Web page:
Book signings and media interviews are the kinds of things I dread. Instead, I prefer collecting business cards from vendors at horse activities who are interested in carrying my book, or searching the web for contact information for schools and homeschoolers. I will gladly drop by stores and gift shops, locally or wherever I happen to travel, or call librarians, to see if they might like to carry my book. I am glad that my publisher already has an established clientele that is interested in her books. I am glad she knows about marketing and distribution. I'm glad I did not choose to self-publish, taking on the financial risk and the huge burden of selling my book.

Sunday, October 14, 2007

On August 18 I wrote some comments about how many Americans don't see the relationship between ranching and our food supply. I recently came across this quote in Range Magazine, from the article "Healing the Land with Livestock":

"About 98.5% of Americans are city or suburban based and have no connection with the production of the food they consume. Only 1.5% of the American population has anything to do with producing food."

This is one of my motivations for writing about ranching and Nevada. Our nation's roots are in agriculture, but in the last several generations, most lifestyles have become distant from farming or ranching. Food comes from the grocery store, not outside the back door.

I grew up in the suburbs of Sacramento, California. When I first met my husband, I remember asking him what was in that little building behind his barn. He said that was his pumphouse. I said, "You have your own WELL?" He laughed and asked where I thought water came from? I said, "From pipes under the street!" That really made him laugh! I had a college education and I knew that water came from underground, but I had never known anyone who actually had a well. Everyone had "city water" and got a water bill from the city. I was surprised to learn that people with wells don't get water bills; electric pumps pump the water to their homes, so instead of a water bill, they just have a bigger electricity bill.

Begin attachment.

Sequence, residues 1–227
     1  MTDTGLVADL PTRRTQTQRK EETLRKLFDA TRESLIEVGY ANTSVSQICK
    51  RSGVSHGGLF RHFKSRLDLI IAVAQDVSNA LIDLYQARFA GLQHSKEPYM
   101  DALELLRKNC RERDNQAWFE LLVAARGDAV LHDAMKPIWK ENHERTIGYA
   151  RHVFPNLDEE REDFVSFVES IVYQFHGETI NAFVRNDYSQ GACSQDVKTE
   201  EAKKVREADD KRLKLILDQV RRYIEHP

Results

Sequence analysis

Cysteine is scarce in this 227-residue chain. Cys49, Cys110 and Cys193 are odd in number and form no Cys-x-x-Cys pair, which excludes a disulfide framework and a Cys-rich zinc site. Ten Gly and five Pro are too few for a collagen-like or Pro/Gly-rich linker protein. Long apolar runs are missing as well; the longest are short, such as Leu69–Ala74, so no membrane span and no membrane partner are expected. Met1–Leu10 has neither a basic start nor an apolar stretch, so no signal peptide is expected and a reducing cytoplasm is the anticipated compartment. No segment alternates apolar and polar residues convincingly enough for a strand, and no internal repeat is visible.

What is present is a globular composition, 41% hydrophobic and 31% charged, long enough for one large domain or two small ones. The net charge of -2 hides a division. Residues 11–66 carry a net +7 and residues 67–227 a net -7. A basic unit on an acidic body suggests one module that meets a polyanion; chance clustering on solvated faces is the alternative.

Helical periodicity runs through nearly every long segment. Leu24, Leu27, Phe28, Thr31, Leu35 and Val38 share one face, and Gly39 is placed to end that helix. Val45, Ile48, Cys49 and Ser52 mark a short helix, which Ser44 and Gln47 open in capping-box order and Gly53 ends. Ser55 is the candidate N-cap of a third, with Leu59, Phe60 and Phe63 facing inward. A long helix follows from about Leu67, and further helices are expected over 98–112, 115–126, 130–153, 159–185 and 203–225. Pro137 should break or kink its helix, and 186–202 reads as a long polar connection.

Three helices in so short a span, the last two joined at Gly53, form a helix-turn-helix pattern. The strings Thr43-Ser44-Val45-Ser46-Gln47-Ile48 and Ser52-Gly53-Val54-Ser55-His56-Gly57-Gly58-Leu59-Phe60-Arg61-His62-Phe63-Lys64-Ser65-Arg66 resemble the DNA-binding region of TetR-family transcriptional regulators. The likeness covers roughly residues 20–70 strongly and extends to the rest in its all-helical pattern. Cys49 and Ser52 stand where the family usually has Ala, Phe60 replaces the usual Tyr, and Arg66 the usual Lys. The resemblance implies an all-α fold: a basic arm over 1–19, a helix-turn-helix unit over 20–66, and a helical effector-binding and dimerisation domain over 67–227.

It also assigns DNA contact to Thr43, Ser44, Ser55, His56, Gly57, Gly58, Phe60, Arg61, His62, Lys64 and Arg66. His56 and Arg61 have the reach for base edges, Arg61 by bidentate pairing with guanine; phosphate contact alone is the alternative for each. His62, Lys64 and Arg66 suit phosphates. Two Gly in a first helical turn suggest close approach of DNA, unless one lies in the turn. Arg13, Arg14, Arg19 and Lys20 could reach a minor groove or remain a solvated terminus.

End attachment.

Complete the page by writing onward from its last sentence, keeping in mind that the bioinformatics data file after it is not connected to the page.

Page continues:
Because few families raise animals for food, few kids see animals killed to provide their meat. At the same time this trend was developing, kids began watching cartoons with cute talking animals. The thought of killing "cute" animals and eating them horrifies many kids. Farm and ranch kids see, accept and understand this fact of life. Many city kids grow up with an unrealistic view of our food supply, then fall prey to the propaganda of the environmentalists who paint ranchers as enemies of the land. I hope that as I show city kids the ranching lifestyle in a fictional setting, they will come to understand not only our American agricultural heritage, but the need for ranching today.

As far as the progress of The Orange Slipknot, I finally finished the curriculum unit. I am so excited about the thought of classrooms full of kids reading this book and learning about Nevada, ranching, and cowboys! The curriculum unit provides teachers with many questions, activities and writing assignments. It was also very exciting to contact all my friends and announce that the book is now on sale! Many people are already placing their orders.